HomelifeWhy feel guilty for self care?

Last week, I had some nasty allergy problems. I had put my tree up on Yule, which

Life can be beautiful, but rough spots like these
happen to us all. Recovery is a must.
[Photo Credit Daniel Beilson, via unsplash]

stirred up all kinds of dust in the house, and on Christmas, visited family in their older house. Allergies, in turn, triggered my asthma.

Natural remedies do work, but they take much longer, and since I didn’t want to rely on my albuterol, I decided to go the OTC route, despite knowing the only allergy meds we had in the house give me migraines.

Predictably enough, one reared its ugly head. Migraines make my dyslexia extremely hard to handle, and banish all hope of word recall, which makes writing an impossibility. Hey, at least I could breath, right?

My physical symptoms are finally leveling out, but I find myself dealing with another demon – guilt.

Those were three days of productivity lost. Sure, I was able to see family on Saturday and get the dishes done during lulls in symptoms, but that was it as far as getting things done went.

Why couldn’t I just push through it all? Why didn’t I think to wear a dust mask when putting the tree up? Why couldn’t I just ignore the pain and disorientation to get writing done? Why wasn’t I tough enough? Why, why, why?

It took me a long time to recognize that self-flagellation as echoes from the culture in which I grew up. Unless you had a fever of over 100, you went to school. You worked through the pain, and battered yourself bloody against the walls of teaching styles that didn’t match up with how you learned. Anything less than perfection was unacceptable.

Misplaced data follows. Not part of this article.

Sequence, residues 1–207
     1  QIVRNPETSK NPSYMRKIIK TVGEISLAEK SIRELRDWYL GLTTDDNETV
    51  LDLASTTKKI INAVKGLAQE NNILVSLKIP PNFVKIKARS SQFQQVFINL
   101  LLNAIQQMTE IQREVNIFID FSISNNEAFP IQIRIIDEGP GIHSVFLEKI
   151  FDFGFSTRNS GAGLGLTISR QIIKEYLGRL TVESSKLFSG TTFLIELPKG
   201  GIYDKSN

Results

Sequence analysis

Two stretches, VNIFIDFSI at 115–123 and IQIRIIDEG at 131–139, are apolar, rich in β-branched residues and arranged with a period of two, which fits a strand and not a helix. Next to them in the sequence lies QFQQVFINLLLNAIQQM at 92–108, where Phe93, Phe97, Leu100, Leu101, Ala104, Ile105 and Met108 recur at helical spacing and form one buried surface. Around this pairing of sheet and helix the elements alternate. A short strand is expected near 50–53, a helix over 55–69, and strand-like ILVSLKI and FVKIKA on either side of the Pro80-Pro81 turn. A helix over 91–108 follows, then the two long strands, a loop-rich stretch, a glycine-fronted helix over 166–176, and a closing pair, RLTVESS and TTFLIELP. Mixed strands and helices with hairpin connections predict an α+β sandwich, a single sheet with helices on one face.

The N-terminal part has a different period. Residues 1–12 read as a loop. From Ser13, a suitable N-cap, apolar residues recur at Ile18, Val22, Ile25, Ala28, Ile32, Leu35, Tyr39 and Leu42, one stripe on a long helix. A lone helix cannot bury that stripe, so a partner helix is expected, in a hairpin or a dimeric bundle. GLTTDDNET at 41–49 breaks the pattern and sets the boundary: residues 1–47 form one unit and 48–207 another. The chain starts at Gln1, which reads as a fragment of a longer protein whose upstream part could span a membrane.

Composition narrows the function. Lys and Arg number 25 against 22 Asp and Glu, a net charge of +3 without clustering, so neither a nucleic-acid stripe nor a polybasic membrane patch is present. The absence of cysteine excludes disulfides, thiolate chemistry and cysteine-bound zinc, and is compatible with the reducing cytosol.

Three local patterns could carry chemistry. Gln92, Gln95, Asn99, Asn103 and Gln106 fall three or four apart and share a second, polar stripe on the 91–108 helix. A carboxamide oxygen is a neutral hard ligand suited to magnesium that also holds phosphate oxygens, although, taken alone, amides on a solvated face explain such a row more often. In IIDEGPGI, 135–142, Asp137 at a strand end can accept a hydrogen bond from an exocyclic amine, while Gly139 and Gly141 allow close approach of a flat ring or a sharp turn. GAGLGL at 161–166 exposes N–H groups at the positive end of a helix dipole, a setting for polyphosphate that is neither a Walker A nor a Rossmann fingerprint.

My parents weren’t exactly slave drivers, but that did nothing to blunt the messages shot my way from certain teachers, peers, the media at large, and later, coworkers or bosses. If you’re weak in any way, you’re seen as a waste.

I’ve worked hard to reject that idea, especially when it comes to others. Maybe it comes from growing up alongside people with more severe disabilities than my own, or befriending others with debilitating medical issues. The fact many people I’ve reconnected with or grown close to have mental health challenges may also have something to do with it.

So, why can I take a more compassionate stance in relation to their struggles than with my own? I’m just as human as anyone else, and although my complaints may seem trivial in comparison to others, my fight is just as worthy of validation.

When I was a kid, struggling through the fallout of my parents’ divorce, ongoing bullying and my academic trials, I went to a school counselor every week. Of all things she told me, one stuck: “Your mind knows exactly what’s going on and what needs to be done, but your heart’s just a little slower at understanding.”

It was as true then as it is today.

The lesson I’m taking from all of this is to have patience with myself. Despite what others try telling me, I can only do the best I can do. I’ll never stop pushing myself, but that doesn’t mean I should beat myself up over weaknesses I can’t help having, or giving myself the care I need.

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